Three Tips for Advancing Women in Leadership
Originally published by The Greater Baton Rouge Business Report
When consulting with various corporate executives about strengthening their company’s leadership, they are often interested in promoting women into leadership positions, however, they express a similar challenge: when their company has a leadership opening, they struggle to find women internally with the right skills needed. Their limited succession planning becomes a missed opportunity for these companies.
Advancing women in leadership is smart business. Consistent research shows that a more equal number of women leaders in an organization greatly benefits the bottom line. A Catalyst study found that Fortune 500 companies with three or more women on their board outperform their competitors with 53% more returns on equities, 42% more return on sales and 66% more return on invested capital. Research also shows that having women as part of the leadership team is more likely to improve employee engagement, productivity, innovation, and organizational sustainability. Despite the value that women bring to businesses, most companies are still missing out on these opportunities. For example, according to the National Center for Women and Information Technology, women executives account for only 6% of chief executives at the top 100 tech companies.
For any executive or business owner wanting to benefit from creating gender parity in their leadership team, below are three steps to take.
1. Create a ten-year leadership talent pipeline:
Work with your direct reports to identify a list of employees with future leadership potential, and make sure your list has a high representation of women. If there are not enough women in the pipeline early on, that is a clear indication that you will not have women prepared to fill future leadership roles when they become available.
Then, document a two-year talent development strategy that includes targeted training, coaching, job rotations, and performance reviews that each leadership candidate would need to complete in order to advance. These plans can be developed in a simple excel document, but need to be periodically reviewed and updated based on the needs and progression of each employee.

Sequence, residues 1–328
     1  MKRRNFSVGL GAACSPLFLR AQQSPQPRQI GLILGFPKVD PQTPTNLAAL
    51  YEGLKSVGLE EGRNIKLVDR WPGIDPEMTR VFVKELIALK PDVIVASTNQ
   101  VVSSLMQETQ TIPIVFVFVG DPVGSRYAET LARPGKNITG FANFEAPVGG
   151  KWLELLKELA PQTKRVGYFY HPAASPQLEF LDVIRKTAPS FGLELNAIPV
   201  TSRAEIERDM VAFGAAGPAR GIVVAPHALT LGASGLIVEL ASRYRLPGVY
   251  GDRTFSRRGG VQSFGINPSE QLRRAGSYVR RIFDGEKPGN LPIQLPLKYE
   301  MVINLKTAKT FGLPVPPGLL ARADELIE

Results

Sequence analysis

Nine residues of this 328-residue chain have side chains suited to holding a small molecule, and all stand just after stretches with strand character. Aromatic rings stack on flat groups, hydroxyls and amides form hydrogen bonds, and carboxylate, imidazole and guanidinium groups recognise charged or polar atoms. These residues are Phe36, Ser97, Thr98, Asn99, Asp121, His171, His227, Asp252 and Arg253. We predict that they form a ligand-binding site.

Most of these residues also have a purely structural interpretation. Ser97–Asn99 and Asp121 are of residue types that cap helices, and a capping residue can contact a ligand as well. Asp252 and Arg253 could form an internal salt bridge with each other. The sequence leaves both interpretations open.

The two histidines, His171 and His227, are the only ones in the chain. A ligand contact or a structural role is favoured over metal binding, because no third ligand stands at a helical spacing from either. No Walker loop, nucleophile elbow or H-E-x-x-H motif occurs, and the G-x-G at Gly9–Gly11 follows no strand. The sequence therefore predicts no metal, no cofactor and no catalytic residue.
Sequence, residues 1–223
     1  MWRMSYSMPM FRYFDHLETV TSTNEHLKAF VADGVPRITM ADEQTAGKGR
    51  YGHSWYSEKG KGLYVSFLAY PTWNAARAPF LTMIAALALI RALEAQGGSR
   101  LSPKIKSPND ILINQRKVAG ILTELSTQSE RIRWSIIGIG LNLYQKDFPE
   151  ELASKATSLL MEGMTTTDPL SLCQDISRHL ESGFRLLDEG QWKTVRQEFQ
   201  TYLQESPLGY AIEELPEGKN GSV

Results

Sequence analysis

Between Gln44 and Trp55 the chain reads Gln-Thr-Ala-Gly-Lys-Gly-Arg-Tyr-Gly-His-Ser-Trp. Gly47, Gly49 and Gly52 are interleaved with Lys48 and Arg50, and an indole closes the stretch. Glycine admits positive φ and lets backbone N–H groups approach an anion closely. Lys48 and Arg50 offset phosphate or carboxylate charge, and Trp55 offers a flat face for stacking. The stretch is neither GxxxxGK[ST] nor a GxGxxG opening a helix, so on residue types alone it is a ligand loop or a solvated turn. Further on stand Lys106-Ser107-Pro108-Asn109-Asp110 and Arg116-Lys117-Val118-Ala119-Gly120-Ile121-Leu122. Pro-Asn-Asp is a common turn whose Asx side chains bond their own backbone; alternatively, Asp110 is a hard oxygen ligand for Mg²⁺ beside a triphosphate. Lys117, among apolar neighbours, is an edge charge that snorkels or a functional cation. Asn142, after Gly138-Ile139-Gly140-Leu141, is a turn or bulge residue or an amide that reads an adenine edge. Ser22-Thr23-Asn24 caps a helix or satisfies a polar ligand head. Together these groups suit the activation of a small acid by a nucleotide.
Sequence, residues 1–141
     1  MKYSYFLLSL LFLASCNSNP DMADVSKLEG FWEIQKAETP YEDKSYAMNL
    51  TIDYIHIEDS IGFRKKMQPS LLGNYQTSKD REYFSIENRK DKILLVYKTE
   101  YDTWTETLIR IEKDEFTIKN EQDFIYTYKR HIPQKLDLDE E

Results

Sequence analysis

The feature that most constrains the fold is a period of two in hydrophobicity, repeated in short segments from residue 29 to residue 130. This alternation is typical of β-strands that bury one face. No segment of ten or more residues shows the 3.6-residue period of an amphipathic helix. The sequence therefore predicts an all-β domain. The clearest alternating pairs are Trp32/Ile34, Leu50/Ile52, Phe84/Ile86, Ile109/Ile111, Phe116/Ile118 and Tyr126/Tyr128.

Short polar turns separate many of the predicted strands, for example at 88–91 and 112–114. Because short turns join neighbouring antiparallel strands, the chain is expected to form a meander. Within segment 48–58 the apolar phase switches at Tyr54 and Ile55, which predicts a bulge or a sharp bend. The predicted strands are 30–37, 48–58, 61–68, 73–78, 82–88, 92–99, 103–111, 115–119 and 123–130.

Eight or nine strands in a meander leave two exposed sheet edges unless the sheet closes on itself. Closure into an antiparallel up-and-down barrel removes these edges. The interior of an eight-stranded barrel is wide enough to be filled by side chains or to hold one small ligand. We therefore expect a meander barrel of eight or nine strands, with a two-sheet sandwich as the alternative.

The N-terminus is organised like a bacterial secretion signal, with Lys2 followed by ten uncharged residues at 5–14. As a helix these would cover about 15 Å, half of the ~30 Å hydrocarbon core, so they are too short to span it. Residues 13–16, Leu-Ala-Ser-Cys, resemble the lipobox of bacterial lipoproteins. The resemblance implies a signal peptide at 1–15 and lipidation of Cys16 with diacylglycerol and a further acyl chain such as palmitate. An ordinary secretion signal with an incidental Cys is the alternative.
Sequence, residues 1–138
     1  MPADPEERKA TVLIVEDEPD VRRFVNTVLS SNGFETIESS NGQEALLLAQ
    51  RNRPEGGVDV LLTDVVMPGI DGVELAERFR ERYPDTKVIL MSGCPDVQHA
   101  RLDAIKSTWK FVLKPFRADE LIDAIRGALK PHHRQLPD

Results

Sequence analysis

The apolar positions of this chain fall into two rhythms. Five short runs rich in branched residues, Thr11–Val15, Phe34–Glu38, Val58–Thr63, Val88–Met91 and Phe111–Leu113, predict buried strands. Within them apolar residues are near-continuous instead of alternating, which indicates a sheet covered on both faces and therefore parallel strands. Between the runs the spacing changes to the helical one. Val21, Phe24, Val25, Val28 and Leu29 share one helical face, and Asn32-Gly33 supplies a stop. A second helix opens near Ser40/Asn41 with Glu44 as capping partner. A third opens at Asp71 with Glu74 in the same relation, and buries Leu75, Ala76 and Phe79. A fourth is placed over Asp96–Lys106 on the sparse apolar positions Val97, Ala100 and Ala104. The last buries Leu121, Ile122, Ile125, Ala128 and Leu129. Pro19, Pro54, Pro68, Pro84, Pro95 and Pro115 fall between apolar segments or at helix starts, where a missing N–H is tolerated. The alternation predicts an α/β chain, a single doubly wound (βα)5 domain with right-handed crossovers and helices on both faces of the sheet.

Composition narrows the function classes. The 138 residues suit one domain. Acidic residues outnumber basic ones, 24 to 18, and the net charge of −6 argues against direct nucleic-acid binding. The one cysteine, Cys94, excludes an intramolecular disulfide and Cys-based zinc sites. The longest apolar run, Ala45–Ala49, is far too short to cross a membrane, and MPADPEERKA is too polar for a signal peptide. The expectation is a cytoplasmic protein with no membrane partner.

Also, create metrics to keep track of the percentage of leadership roles held per gender at various levels.
The benefit of the talent pipeline is to help build a long-term vision for the future leaders, and a plan to develop and promote highly talented women. This way, when your company has an open leadership position, you will already have a pool of qualified women who can be considered for the opening.
2. Develop programs to attract and retain women leaders:
It is critical to ask women leaders in your organization for feedback about what they need and value. For some, it may be executive sponsorship, networking opportunities, and visibility. For others, it may be the company’s investment in their growth and development. For many women, it may be the option of flexible work arrangements.
If you have top women leaders leaving your company, focus on what they are communicating about what pushed them to resign during the exit interviews. This is important for finding solutions for future talent retention. It would be better not to delegate the exit interviews to HR, but instead to make the time to have the discussions with these women.
Based on this feedback, take action and implement programs that attract women to lead and stay with your company. Measure the effectiveness of these programs, and most importantly, continue to communicate your company’s commitment to gender parity across all levels of the organization.
3. Participate in discussions focused on women in leadership:
Two years ago, I was invited to speak at a women’s event at a fortune 100 Technology company. As I walked into the conference, I was immediately surprised to see that there was an almost equal number of men and women waiting for the event to start.
I was shocked by this, I even asked my client, “I thought I was presenting at your women’s event. There are many men sitting in this room, am I in the wrong place?”
My client smiled as she responded, “We open our events to men as well as women. We encourage them to participate in the dialog related to the advancement of women in leadership. We even have the head of Global Supply Chain Management, a male executive, attending our event today.” She continued, “By including men in these important discussions, they get the opportunity to hear and understand the challenges that women face. As a result, they become more aware and dedicated to creating and implementing solutions.”
Her answer made me realize the value of including men in these discussions in order to help them understand the unique challenges that women face at work. This is a great way for shifting mindset, dissolving stereotypes, and implementing actionable solutions.
Being deliberate in driving change and promoting gender parity amongst the leadership teams results in multiple wins for the company’s bottom line, the women leaders, our economy, and our society. There is also another crucial win; it is the win for the next generation of women who will now have female leaders to look up to as role models.
What actions are you taking to benefit from gender parity in your business?